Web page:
still afloat, and we got out of the busness in 1962! Construction with fiberglass
is nice its very very easy to use and you can make any shape you want! What you
lose is longevity! There are wooden vessels still in service that were built 300 years
ago! You are not going to see that with fiberglass. The most optimistic expert
says maybe 100 years, and there are doubts about that
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Old 19-11-2015, 18:01   #67
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Re: How old is too old?

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There are wooden vessels still in service that were built 300 years ago!
Wow. OK, some examples? How much of that wood is original?

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Old 19-11-2015, 18:36   #68
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Re: How old is too old?

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folks do not realize that fiberglass layups continue to cure for decades, eventually becoming brittle. As long as the hull is under 30 years old, should be safe and sound. Beyond 40 years old and you are dealing with an increasingly brittle hull that eventually will either crack or delaminate.
Poppycock!!!!... disinformation on this and every internet forum is abundant as folks all know...
My 40 year old ship is Magnificent! It will be around 50 years from now with proper care...IT is stronger and sails about as well as the vast majority of boats in her class...It can be sailed anywhere...It has had gobs of money, many 10's of thousands, and time spent on it...(not mine)....every structural component has been refit, reworked, redone, custom refabricated to excellent standard. It was Thick, fat and ultra strong the day it came out of the Fl factory in '76. The original mild steel factory flaws have been replaced with SS. I would not trade her for anything!!!!
as has been said here...each and every boat is different and must be inspected with the utmost knowledge and care...A thick, old frp boat that was originally built to high strong standard, that sails well, is a good design and pedigree, that has been upgraded, refit, cared for, and had much money and time spent on her within the past 8 years or so...is vastly superior to most standard average 10-15 year old production boats...well, at least mine is anyway...and price.....ohhh we won't even get into that....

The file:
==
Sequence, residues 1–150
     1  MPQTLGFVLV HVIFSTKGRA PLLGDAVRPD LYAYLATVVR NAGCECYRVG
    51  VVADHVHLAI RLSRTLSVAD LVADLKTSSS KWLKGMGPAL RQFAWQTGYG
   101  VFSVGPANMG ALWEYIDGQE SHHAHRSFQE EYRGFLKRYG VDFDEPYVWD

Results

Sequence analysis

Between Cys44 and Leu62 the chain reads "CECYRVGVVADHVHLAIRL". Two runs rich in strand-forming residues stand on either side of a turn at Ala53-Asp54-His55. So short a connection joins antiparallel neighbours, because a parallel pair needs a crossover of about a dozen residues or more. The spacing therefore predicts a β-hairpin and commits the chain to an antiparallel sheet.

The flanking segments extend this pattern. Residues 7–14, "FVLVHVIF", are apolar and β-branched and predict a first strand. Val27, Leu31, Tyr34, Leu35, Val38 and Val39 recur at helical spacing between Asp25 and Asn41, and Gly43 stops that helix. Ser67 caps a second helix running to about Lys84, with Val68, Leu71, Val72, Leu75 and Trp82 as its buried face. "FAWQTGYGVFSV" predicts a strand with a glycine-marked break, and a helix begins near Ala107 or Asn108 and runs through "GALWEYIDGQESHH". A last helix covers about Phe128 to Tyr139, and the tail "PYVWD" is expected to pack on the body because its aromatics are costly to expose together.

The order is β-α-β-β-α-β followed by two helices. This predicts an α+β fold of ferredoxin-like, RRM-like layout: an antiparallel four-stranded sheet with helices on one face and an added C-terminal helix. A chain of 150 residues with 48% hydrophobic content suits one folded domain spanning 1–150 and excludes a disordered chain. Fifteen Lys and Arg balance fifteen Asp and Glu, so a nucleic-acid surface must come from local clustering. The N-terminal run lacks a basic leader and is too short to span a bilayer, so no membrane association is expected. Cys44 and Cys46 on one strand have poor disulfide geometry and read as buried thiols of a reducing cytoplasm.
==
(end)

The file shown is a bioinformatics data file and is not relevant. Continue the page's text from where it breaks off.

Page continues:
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Old 19-11-2015, 18:46   #69
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Re: How old is too old?

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Hi Stum,

...
Why do you say it's an awful lot of boat? They're not that big?
Have you personally sailed a 55-70' cat? Thats a lot of boat from every perspective. Huge amounts of space and huge sails.

Ive run a lot of cats, and one of my concerns for cats in that range for a cruising couple is that most have undersized winches selected under the assuption that the power assist will always work. If the winch motors fail then I dont think most cruising couples have the strength to handle those loads with undersized winches in a blow.

And of course all your other costs of ownership scale up too.
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Old 19-11-2015, 20:01   #70
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Re: How old is too old?

Rabbi, three quick examples of more current cats than mine with delam issues come to mind:

Lagoon 410, read 'Sailing the Whole Enchilada', Barbara Fleming
Wildcat?35 - Bumfuzzle - can't remember the brand for sure, but it was built in South Africa. Maybe you can help me out Rabbi - was that the brand?
Fastcat 40? I don't recall the size.

I know there are others, but without research I don't want to slander other manufacturers. Of course, we could talk about dislocated/cracked bulkheads on Lagoons (as well as rotting plywood floors under refrigeration units in Lagoon 440's) but why bother - -new cats have no structural problems, do they?

Did all blistering problems on FP's occur within 5 years? As frightening as it is to think that anyone could build a boat that would suffer serious osmotic blisters within 5 years ( and if I am not mistaken, that their hull warranty only applies to the unlucky original purchaser), I cannot imagine that usage won't make a difference, even to such poorly built boats. For example, boats sailed largely in fresh water, or sailed in the north where salt content is lower and boats can be hauled in the winter have probably not yet suffered significant blistering. let alone the blistering topsides (yes, above the waterline!!!) that certain FP's have suffered over the years.